Apple has filed a new brief in which it says that Epic Games lost the Epic v. Apple trial because it failed to prove wrongdoing — and not because of any legal errors the judge made.
The Cupertino iPhone maker on Thursday filed a Principal and Response Brief with the Ninth Circuit Court of Appeals concerning the appeals and cross-appeals in the Epic Games v. Apple case.
The brief outlines why Apple believes that Judge Yvonne Gonzalez Roberts did not make any legal errors in her decision to essentially hand Apple a win in the case.
“Epic did not lose the trial due to any legal error,” the brief reads. “Epic lost because it ‘overreached’ by asserting claims on the ‘frontier edges of antitrust law.'”
Epic Games has argued in its appeal that Judge Gonzalez Roberts had “erred” in her judgment. The Epic Games document measures in at around 135 pages and details Epic’s arguments as to why it lost nine of ten counts.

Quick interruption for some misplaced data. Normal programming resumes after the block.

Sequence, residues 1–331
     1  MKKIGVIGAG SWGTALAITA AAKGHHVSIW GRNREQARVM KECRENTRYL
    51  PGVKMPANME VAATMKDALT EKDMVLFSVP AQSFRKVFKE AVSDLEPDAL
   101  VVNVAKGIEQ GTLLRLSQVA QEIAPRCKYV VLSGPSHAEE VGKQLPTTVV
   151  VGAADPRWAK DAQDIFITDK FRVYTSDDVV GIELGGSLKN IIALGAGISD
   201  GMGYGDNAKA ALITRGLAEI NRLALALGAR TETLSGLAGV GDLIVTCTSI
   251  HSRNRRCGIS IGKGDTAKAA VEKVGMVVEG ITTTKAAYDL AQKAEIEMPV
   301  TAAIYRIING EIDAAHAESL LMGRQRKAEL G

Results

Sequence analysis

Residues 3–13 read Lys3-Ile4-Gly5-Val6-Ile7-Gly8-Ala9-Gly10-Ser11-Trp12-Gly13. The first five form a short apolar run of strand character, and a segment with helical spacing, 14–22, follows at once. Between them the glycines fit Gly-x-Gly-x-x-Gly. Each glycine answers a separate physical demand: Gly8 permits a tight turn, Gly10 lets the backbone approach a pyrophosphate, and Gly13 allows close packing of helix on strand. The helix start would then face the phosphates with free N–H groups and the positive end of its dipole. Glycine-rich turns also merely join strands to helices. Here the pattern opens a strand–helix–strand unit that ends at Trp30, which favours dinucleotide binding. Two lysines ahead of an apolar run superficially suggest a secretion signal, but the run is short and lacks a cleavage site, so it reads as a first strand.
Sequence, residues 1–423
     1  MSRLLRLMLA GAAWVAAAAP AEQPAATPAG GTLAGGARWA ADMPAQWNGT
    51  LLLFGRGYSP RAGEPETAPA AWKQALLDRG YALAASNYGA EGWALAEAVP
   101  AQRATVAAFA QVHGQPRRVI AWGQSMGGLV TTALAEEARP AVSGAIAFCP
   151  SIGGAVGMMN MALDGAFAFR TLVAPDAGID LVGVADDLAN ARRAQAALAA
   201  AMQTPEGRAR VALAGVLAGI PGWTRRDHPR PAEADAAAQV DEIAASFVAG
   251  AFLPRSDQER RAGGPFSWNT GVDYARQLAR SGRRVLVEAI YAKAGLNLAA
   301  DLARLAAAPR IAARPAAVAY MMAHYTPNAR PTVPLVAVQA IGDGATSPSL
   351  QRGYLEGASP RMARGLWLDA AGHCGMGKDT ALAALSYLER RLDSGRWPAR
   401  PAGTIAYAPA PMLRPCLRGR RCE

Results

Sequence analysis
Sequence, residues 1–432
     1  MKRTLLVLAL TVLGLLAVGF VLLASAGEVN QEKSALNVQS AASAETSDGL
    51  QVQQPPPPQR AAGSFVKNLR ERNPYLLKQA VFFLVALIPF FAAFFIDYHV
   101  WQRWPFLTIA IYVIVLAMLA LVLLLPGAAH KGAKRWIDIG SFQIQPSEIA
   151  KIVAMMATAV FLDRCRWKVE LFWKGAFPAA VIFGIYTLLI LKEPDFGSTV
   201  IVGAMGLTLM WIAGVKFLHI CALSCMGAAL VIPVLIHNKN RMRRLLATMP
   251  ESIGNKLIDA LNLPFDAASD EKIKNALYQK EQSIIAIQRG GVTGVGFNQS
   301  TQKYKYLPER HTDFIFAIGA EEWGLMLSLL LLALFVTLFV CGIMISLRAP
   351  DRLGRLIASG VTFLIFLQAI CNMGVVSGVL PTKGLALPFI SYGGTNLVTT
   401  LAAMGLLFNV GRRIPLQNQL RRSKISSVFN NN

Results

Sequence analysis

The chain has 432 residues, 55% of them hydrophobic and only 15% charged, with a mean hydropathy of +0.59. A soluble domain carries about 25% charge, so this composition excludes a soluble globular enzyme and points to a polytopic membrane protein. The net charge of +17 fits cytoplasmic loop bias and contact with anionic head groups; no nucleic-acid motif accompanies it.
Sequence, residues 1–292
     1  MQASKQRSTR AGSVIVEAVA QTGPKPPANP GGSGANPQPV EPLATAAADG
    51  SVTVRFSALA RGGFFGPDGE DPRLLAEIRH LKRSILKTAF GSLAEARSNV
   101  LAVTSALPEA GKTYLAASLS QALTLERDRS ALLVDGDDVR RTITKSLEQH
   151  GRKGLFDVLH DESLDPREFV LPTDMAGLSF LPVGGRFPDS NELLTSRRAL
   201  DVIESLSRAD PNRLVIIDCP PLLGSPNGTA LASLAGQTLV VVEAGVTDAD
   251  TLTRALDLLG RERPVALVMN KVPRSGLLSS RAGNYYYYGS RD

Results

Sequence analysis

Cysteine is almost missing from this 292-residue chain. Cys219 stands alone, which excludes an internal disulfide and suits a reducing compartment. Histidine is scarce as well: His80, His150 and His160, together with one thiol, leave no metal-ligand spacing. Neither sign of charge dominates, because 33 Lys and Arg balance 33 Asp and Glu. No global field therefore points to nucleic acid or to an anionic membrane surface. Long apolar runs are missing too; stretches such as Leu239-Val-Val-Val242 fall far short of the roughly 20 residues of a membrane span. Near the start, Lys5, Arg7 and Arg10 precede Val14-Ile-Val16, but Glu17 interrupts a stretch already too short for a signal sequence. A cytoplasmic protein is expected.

Epic in August 2020 implemented a direct payment feature in the iOS version of “Fortnite” in violation of Apple’s App Store policies. Apple subsequently removed the game, and Epic Games filed a lawsuit.
Epic Games had argued that it’s been denied access to iOS, which it claims is an “essential facility” due to the fact it’s been blocked access to the App Store. Apple is specifically accused of violating Section 2 of the Sherman Act through “its unlawful denial to Epic and other app distributors of an essential facility—access to iOS.”
In September 2021, Judge Yvonne Gonzalez Rogers ruled that Apple was not a monopoly. However, Apple would be forced to change its “anti-steering” rules that prohibit developers from directly communicating with customers about alternate payment options.
Both parties have appealed the court ruling. In December 2021, Apple won a bid to gain a stay on the “anti-steering” injunction in December 2021.